A Cu(s) + Ag2+(aq) Cu2+(aq) + Ag(s)


    B Cu(s) + Ag+(aq) Cu+(aq) + Ag(s)


    C 2Cu(s) + Ag2+(aq) 2Cu+(aq) + Ag(s)


    D Cu(s) + 2Ag+(aq) Cu2+(aq) + 2Ag(s)
    What's the charge of the nitrate ion on it's own? If you know that, then the rest is straightforward.
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    (Original post by James A)
    What's the charge of the nitrate ion on it's own? If you know that, then the rest is straightforward.
    You don't use the nitrate ion for this question!

    Calculate moles of each metal and find the coefficients of the equation and hence the ratio in which they react...
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    Very fortunately my teacher is one of the head examiners for OCR. If anyone has any questions on exam technique etc. feel free to ask (so that I can ask her).
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    (Original post by charco)
    You don't use the nitrate ion for this question!

    Calculate moles of each metal and find the coefficients of the equation and hence the ratio in which they react...
    Ah yes, completely forgot about the values given haha. I was so poor at inorganic chem during my A-level days :emo:
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    I'm doing AQA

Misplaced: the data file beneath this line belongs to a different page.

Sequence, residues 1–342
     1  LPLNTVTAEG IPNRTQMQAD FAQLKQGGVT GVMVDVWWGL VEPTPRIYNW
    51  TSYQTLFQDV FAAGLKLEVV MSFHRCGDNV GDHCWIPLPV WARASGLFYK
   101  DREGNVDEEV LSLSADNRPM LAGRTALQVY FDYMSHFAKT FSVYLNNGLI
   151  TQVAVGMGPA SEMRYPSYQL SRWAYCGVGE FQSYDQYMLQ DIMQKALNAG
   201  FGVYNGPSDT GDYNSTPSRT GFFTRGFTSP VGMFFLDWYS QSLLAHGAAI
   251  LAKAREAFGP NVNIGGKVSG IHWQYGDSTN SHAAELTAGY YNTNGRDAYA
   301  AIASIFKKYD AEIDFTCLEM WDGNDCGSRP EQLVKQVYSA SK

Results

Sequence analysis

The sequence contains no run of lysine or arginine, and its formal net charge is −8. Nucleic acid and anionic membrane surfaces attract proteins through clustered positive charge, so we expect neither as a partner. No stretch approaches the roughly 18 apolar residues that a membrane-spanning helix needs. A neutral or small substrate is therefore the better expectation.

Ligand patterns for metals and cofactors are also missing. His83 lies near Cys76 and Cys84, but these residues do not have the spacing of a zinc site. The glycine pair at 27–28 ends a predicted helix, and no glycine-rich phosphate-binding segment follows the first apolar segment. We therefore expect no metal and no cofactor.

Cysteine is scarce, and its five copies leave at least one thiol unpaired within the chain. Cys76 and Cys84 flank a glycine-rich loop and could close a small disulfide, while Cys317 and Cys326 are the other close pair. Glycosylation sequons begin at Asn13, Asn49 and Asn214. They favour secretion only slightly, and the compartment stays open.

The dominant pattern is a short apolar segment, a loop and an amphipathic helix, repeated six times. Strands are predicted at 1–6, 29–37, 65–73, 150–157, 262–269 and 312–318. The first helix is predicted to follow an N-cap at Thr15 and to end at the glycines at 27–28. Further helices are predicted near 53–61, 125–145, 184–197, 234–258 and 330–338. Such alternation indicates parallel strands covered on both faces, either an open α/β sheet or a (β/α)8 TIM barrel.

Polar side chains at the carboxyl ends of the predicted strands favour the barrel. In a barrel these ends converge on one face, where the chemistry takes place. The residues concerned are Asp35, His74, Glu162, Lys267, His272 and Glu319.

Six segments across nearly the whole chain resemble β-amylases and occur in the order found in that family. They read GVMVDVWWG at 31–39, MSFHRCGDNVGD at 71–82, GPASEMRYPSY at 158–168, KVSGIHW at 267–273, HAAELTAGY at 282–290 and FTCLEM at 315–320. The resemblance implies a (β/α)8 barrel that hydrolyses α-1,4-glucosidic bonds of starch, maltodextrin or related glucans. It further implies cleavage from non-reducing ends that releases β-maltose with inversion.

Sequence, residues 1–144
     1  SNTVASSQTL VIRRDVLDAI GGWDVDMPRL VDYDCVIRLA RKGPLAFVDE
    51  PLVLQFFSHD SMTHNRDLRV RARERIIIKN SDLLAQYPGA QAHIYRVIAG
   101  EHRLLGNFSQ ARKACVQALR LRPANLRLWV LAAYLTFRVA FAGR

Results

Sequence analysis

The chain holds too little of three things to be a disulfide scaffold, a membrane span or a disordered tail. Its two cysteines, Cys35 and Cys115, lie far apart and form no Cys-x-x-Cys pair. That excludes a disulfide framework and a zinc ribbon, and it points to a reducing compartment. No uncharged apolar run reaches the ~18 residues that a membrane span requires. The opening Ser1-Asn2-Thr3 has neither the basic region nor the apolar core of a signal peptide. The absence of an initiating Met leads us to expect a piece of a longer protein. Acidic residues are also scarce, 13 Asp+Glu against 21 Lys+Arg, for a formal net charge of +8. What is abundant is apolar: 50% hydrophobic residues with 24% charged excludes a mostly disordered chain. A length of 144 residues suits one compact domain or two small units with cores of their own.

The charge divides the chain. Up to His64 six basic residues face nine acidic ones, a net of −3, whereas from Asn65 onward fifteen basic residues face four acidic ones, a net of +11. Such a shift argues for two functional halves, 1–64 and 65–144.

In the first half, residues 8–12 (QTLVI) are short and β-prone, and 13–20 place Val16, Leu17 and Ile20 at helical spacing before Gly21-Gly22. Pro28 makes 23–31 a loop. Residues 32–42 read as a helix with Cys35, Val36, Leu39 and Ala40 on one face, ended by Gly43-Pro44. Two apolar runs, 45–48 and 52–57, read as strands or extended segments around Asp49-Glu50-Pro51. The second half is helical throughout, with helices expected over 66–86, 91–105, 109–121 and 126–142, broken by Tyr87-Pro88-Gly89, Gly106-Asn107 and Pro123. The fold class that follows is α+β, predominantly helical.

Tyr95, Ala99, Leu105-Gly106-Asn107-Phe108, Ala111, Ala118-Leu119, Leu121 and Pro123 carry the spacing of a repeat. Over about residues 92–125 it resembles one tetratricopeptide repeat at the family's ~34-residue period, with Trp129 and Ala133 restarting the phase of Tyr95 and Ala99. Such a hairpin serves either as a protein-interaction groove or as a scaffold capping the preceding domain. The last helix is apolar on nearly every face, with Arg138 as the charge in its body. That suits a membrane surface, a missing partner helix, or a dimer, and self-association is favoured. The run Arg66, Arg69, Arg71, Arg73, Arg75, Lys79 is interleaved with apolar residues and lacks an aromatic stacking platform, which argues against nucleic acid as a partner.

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    1. 2 Complete combustion of 50 cm3 of a hydrocarbon vapour gave 350 cm3 of carbondioxide, both gas volumes being measured at the same temperature and pressure. Theformula of the hydrocarbon could be
      A C8H18B C7H16C C6H14D C5H12



      how do you do this question?

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    (Original post by ilovecake123)
    1. 2 Complete combustion of 50 cm3 of a hydrocarbon vapour gave 350 cm3 of carbondioxide, both gas volumes being measured at the same temperature and pressure. Theformula of the hydrocarbon could be
      A C8H18B C7H16C C6H14D C5H12



      how do you do this question?

    This is the correct place.

    Use Avogadro's law and the corresponding Gay Lussac law of combining volumes.
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    (Original post by charco)
    This is the correct place.

    Use Avogadro's law and the corresponding Gay Lussac law of combining volumes.
    what is gay lussac law? I've never learnt it
    nor i haven't learnt about avagadros law in combining volumes
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    (Original post by ilovecake123)
    what is gay lussac law? I've never learnt it
    nor i haven't learnt about avagadros law in combining volumes
    Avogadro's law says that equal volumes of gas under the same conditions of temperature and pressure contain the same number of moles.

    Gay Lussac extended this to say that you could use the coefficients of an equation where gases are reacting as volumes instead of moles.

    Hence:

    CxHy --- combustion ---> xCO2

    The volume of carbon dioxide formed must be 'x' times the volume of hydrocarbon burned.